Verdict in Brandon Johnson point-shaving case made official Ex-basketball player Brandon Johnson sentenced to six months in prison for his role in the point-shaving scandal
By Edwin Blebu
ASST. SPORTS EDITOR
Less than two years ago, ex-Torero basketball player Brandon Johnson ‘10 was indicted along with nine others for running a sports betting business to control the outcomes of basketball games.
On Nov. 16, 2012, Johnson pled guilty to conspiracy to committ sports bribery with a USD basketball player to influence the outcome of a game. Last Friday, Johnson was sentenced to serve six months in federal prison for his role in the point-shaving scandal.
The latest and hopefully the final stage in the Brandon Johnson point shaving ordeal has come and gone. USD’s all time leader in scoring and assists was given his sentence by U.S. District Judge Anthony Battaglia who shared some very profound comments directed towards Johnson upon giving the verdict.
“You [Johnson] disparaged the integrity of a university and the integrity of basketball,” Battaglia said. “You’ll keep the records, but like Pete Rose, Lance Armstrong and Roger Clemens you’ll have some explaining to do.”
For the men’s basketball program, the sentencing of Johnson to prison will provide a sense of closure to the negative press and harsh realities that came along with the point shaving scandal. Although the incident occurred almost two years ago, many students on campus still remember the shock and disappointment they felt when the scandal went public. Senior Joe Alioto offered his take on the sentencing.
“Its unfortunate that the guy who is largely responsible for a lot of our basketball program’s success is also the guy who brought the program to its lowest point because of the negative choices he made,” Alioto said.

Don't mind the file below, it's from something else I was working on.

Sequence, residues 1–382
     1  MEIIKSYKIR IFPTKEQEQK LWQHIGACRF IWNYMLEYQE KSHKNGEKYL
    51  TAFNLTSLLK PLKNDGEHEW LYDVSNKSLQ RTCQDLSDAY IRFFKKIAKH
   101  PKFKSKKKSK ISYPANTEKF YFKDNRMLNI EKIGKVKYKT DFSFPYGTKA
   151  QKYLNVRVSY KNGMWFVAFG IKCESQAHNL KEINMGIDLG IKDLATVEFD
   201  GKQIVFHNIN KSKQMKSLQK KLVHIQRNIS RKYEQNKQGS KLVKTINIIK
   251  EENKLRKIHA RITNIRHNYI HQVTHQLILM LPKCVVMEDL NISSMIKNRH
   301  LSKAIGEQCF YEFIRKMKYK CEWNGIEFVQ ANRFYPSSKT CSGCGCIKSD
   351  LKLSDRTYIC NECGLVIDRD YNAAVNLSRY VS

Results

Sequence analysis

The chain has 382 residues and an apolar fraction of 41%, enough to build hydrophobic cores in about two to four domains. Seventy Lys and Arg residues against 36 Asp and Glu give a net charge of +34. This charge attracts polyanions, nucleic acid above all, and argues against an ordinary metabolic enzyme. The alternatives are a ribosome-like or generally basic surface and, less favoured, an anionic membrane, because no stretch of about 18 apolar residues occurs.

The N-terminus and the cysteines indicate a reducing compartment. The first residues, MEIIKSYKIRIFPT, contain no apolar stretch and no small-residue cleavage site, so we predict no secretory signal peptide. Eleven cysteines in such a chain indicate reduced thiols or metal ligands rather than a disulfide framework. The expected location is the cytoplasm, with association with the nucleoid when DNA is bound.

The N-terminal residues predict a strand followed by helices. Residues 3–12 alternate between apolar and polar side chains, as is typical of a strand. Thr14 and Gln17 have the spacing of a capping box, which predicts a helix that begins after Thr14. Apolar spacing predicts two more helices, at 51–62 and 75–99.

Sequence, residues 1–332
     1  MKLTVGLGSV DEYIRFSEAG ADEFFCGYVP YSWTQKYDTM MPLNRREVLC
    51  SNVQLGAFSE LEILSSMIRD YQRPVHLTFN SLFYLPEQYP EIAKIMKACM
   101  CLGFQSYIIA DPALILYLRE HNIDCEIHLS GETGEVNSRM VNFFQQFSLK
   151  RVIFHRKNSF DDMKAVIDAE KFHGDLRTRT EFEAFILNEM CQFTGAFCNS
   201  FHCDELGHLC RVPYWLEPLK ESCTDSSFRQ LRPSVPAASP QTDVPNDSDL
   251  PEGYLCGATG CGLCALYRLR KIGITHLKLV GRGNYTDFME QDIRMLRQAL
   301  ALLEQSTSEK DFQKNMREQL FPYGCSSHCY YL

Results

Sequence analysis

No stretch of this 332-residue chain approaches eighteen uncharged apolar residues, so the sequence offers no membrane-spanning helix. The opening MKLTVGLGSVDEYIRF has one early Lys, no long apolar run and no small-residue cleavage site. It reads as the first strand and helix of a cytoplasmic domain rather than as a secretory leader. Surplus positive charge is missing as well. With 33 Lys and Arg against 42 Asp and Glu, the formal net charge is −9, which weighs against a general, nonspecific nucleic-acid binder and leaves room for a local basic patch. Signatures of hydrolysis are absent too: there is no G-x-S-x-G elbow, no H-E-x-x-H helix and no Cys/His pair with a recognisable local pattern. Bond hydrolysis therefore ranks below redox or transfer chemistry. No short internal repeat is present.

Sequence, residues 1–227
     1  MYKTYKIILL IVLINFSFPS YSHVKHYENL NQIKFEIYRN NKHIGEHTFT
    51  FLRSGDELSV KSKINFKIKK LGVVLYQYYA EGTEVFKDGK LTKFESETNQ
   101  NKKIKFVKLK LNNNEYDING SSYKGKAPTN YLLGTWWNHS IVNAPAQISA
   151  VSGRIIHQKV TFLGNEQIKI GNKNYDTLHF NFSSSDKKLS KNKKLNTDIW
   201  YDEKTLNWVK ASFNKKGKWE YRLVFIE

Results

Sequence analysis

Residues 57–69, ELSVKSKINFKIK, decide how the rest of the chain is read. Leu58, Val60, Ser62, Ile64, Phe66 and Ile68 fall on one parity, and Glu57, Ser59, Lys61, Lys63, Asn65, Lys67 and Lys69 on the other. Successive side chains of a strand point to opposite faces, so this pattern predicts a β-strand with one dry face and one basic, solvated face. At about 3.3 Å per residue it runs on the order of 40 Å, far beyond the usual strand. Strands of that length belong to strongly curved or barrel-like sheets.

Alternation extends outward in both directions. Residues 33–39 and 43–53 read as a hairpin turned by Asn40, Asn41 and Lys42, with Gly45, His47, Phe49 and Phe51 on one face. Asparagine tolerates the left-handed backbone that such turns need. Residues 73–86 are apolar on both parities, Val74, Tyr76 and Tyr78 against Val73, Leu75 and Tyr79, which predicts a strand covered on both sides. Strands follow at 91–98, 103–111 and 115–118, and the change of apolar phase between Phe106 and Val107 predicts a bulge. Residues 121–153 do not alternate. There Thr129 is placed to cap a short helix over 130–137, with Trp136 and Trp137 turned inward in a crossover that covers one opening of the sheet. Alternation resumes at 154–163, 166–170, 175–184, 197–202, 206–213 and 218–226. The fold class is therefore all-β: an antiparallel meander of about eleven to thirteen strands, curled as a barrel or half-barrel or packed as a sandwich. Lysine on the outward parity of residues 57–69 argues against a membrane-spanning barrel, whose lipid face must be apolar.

In terms of what implications the sentencing means for the basketball program at USD in general, senior Ethan O’Flaherty offered his own sentiments as to future of men’s basketball moving forward.
“I’m glad he [Johnson] is taking responsibility for his actions, but the scandal kind of gave the school a negative image, and that could hurt recruiting new basketball players,” O’Flaherty said.
The USD basketball program enjoyed a lot of success while Johnson was enrolled at the university, but just as Judge Battaglia stated in his courtroom address to Johnson, the records he set will require some extensive explanations. Fortunately because there were no severe sanctions or consequences given to USD as a result of Johnson’s involvement in the scandal, the Toreros can continue to enjoy the peace of mind knowing they can compete in postseason tournaments.
Moving forward, the USD basketball program will try to collectively continue to exemplify actions that represent the game of basketball and the University in high regard. Now that Johnson has been sentenced, the University can officially close that chapter within its own history.